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Long-Term Services & Supports, Long-Term Care

ASPE conducts research, analysis, and evaluation of policies related to the long-term care and personal assistance needs of people of all ages with chronic disabilities. ASPE’s work also highlights the financing, delivery, organization, and quality of long-term services and supports, including those supported or financed by private insurers, Medicaid, Medicare, and the Administration for Community Living (ACL). This includes assessing the interaction between health care, post-acute care, chronic care, long-term care, and supportive services needs of persons with disabilities across the age spectrum; determining service use and program participation patterns; and coordinating the development of long-term care data and policies that affect the characteristics, circumstances, and needs of people with long-term care needs, including older adults and people with disabilities. 

Most Older Adults Are Likely to Need and Use Long-Term Services and Supports

More than one-half of older adults, regardless of their lifetime earnings, are projected to experience serious LTSS needs and use some paid LTSS after turning 65. 

Older adults with limited lifetime earnings are more likely to develop serious LTSS needs than those with more earnings. 

However, fifty-six percent of older adults in the top lifetime earnings quintile receive some paid LTSS, and the likelihood of nursing home care does not vary much by lifetime earnings. Learn more.

Reports

Displaying 881 - 888 of 888. 10 per page. Page 89.

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Private Capacity to Finance Long Term Care

February 28, 1983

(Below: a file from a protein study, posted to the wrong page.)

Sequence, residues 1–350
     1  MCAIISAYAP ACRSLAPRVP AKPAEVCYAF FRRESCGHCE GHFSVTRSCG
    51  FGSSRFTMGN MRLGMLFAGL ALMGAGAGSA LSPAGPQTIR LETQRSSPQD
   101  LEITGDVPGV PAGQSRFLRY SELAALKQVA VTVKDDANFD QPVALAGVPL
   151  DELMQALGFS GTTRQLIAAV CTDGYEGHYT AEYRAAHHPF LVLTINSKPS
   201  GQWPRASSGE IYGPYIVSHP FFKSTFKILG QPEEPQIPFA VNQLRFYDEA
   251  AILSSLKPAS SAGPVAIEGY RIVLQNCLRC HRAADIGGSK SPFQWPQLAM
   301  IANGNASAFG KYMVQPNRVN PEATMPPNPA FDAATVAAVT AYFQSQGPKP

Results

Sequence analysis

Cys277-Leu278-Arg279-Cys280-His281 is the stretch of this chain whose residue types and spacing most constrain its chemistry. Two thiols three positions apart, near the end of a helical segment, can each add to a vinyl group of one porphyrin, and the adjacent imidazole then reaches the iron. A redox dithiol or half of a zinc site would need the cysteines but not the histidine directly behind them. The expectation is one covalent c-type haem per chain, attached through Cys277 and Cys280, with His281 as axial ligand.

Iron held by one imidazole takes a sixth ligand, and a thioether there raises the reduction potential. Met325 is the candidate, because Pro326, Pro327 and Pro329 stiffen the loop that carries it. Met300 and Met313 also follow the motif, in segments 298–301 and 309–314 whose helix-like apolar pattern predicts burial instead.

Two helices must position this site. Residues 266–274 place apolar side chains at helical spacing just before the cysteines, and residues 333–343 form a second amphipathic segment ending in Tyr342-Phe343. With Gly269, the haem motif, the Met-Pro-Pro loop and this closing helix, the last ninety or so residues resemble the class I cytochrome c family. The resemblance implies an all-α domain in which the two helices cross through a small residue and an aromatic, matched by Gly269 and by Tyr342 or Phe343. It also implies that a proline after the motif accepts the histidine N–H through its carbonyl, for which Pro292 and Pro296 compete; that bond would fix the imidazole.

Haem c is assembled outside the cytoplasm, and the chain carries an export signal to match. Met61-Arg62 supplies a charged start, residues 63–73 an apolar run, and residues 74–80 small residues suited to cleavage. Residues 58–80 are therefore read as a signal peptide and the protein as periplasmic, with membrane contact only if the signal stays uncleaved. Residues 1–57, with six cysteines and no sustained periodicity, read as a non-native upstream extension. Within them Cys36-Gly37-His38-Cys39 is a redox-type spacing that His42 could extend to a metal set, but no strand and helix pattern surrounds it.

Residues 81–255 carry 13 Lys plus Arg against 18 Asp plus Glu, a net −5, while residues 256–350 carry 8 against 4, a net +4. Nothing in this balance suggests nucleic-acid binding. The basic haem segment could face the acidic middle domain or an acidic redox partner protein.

Marilyn Moon Urban Institute  

Private Capacity to Finance Long-Term Care

February 28, 1983
This paper considers ways to determine the ability of users to contribute to the costs of their care. When better estimates of the costs of long-term care are known, the figures developed here can be used to indicate where shares of the health expenditure burden could be borne privately by individuals.

Third Year Comprehensive Report of the Pennhurst Longitudinal Study

December 31, 1982
This summary is intended to restate the major research questions being addressed in the Pennhurst Longitudinal Study and provide executives, decisionmakers, and lay persons, in an extremely abbreviated form some tentative answers based on the analysis of the data collected to date.

Initial Research Design of the National Long Term Care Demonstration

October 31, 1982
The primary objective of the research in the National Long-Term Care Channeling Demonstration was to determine the impacts of the demonstration on service utilization, public and private costs, clients and caregivers. The demonstration employed a randomized experimental design with random assignment of eligible participants to either treatment group or control group status.

Community Services and Long-Term Care: Issues of Negligence and Liability

December 31, 1981
Agencies operating under the National Long-Term Care Channeling Demonstration program had complex assignments to assess the needs of older people requiring long-term care, to determine what services met such needs and to arrange for the delivery of services. Responsibility for a client was spread across several agencies, organizations, and individuals.

Working Papers on Long-Term Care

September 30, 1981
These Papers describe the current state of knowledge about long-term care in the U.S., and serve as a knowledge base for the difficult analytic tasks that lie ahead. They are based on the work of HHS's Task Force on Long-Term Care up to January 1981 and contain data that have not been available before.

Issues in Developing the Client Assessment Instrument for the National Long Term Care Channeling Demonstration

December 31, 1980
This preliminary report addresses a number of issues pertaining to the development of a combined research and clinical instrument for assessing the functional status of clients in the National Long-Term Care Channeling Demonstration.